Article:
The breathtaking Mezquita of Cordoba — by Barbara Rumi
The Jewish quarter -situated around the Mezquita- brings you into an entirely different atmosphere and is one of the most pleasant parts of the city of Cordoba. It boasts narrow streets with charming shops and delicious restaurants.
The characteristic streets of the Jewish Quarter in Cordoba — by Barbara Rumi
Choose here a place where to have lunch and absorb the vibrant city life. Later find the most famous street in this district, Calle Judios, and visit the synagogue; it's one of the few in Europe that dates to the medieval period.
For dinner, try to book a table at the Bodegas Mezquita Cespedes, right next to the Mezquita. They offer a vast range of authentic tapas dishes, well prepared and served by a friendly staff.
Day four - Granada
After breakfast, you move on southwards to Granada. It will take around 2.5 hours to reach this beautiful town of which 200 kilometers will go over the highway.
Upon arrival, I suggest leaving first the car at your hotel and then walk into town for lunch in one of the typical restaurants and take a relaxing break after your morning drive.
Enjoy the rest of the afternoon wandering the city and visit its numerous beautiful squares, historic neighborhoods and significant buildings - such as the Royal Chapel, the Cathedral, and the Charles V Palace. If you don’t manage to see it all, you will still have time on day five to come back here.
Day five - Granada
The morning of this day is dedicated to visiting the magical Alhambra. It is not only the most important landmark of Granada but also of Moorish art in Spain. The Alhambra was built to defend the city and to provide a safe residence for the king. What was once a real town-within-a-city including schools, shops, and mosques is today a paradise with beautiful palaces, exquisite interiors, and plenty of fountains.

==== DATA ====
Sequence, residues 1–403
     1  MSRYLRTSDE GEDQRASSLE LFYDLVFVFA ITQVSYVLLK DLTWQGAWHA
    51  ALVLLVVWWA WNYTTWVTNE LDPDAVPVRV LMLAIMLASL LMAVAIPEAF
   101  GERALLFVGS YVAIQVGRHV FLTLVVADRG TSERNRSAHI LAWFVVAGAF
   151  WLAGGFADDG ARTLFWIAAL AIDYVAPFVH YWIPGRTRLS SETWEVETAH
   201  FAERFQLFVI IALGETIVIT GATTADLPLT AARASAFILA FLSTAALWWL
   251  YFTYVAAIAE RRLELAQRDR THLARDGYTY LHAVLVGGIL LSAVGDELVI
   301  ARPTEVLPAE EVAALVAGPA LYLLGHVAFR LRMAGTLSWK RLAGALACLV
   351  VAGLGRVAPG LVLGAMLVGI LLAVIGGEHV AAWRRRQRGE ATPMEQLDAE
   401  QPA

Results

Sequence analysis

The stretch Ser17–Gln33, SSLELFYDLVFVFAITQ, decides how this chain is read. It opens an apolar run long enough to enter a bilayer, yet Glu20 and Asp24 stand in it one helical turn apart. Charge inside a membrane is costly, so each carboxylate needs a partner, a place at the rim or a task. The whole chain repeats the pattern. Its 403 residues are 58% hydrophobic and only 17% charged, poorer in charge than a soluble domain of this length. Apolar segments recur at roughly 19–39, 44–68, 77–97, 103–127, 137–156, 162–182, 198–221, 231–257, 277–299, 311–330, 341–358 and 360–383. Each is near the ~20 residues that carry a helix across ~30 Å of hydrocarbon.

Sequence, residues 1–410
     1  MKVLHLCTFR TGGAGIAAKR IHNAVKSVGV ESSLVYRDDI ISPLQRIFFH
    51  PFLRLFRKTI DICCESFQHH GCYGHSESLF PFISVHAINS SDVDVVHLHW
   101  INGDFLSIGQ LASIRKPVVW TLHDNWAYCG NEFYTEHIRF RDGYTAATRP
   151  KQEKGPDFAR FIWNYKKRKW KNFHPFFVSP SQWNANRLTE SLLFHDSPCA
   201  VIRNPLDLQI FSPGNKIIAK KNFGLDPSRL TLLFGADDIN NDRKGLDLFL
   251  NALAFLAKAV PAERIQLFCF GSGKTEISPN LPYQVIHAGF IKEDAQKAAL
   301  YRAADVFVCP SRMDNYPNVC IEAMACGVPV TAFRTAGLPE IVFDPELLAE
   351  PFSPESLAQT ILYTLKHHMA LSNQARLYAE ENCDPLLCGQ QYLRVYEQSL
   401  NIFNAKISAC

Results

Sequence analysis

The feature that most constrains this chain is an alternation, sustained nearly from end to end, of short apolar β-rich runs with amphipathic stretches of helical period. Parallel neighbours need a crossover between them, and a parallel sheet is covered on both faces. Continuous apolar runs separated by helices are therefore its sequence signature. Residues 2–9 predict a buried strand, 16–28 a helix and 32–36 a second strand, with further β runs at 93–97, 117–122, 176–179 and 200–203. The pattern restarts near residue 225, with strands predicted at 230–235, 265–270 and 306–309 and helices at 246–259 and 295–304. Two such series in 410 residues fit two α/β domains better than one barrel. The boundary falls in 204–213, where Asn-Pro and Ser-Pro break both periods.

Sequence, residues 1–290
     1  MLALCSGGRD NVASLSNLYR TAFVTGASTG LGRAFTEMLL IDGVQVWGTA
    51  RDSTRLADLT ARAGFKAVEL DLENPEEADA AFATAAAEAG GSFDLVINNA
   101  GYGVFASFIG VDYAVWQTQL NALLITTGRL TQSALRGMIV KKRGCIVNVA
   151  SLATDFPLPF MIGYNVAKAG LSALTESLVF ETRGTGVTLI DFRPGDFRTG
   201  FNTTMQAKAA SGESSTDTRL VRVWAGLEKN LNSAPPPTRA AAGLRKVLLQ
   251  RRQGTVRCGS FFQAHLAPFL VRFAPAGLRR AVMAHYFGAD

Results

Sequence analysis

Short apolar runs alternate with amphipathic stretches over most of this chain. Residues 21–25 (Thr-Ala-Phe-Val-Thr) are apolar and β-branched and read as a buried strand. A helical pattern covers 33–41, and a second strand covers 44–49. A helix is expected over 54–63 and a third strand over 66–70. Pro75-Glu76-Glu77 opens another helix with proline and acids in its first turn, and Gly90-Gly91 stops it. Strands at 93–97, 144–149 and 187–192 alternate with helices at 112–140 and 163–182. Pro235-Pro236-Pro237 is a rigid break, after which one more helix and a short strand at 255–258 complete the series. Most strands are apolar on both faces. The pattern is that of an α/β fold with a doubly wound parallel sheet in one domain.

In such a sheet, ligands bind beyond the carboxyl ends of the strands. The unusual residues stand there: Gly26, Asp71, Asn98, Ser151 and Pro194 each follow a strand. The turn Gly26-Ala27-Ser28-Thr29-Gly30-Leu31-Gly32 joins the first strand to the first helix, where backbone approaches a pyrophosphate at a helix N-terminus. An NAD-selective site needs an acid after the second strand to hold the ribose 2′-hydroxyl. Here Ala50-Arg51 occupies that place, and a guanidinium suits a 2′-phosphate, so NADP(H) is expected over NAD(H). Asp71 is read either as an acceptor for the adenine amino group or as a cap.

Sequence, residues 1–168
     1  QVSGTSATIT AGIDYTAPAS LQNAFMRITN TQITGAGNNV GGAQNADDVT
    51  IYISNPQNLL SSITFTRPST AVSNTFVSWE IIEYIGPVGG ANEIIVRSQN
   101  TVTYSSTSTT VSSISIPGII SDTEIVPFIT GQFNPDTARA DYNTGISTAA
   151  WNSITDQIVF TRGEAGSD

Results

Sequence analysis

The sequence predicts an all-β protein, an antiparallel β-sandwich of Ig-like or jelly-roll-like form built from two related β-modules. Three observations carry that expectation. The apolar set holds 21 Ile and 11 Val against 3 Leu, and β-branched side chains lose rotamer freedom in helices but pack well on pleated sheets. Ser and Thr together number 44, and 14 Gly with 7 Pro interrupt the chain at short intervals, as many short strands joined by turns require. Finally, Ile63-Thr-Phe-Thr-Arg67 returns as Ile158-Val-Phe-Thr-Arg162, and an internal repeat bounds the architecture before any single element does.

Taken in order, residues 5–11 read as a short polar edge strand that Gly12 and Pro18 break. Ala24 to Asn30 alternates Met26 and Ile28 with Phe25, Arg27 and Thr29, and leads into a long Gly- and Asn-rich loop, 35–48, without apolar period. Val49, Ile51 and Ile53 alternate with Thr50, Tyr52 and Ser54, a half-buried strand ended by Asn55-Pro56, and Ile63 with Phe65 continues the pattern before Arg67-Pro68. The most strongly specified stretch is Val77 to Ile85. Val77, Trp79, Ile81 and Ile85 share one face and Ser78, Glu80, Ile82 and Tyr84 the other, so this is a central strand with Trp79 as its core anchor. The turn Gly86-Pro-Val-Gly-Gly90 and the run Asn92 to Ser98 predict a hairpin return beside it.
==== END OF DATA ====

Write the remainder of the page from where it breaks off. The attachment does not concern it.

Alhambra de Granada, truly magical — by Barbara Rumi
View on the city of Granada — by Barbara Rumi
Be aware that the Alhambra limits the number of daily visitors, so it is almost impossible to get tickets upon arrival. Instead, book in advance (ideally 60 days before your trip) to get the best time slot for your visit.
In the afternoon visit the Albaicín, the neighborhood of Granada that has retained its old charm with its narrow alleys and traditional houses in Moorish architecture. The Albaicín is especially famous for its spectacular views of the city and the stunning Alhambra.
Day six - Ronda
Today the tour continues, up to one of the most spectacularly located cities in Andalusia, Ronda. It is a pleasant drive (of about 2.5 hours) in the countryside of Andalusia.
About halfway, stop in the town of Antequera, a traditional Andalusian village full of history. Strolling the cobbled streets in the historic center is like making a journey almost 5,000 years back in time. The old town counts many historical and cultural sights from Roman baths, Gothic churches, Renaissance fountains to baroque bell towers.
The charming village of Antequera — by Barbara Rumi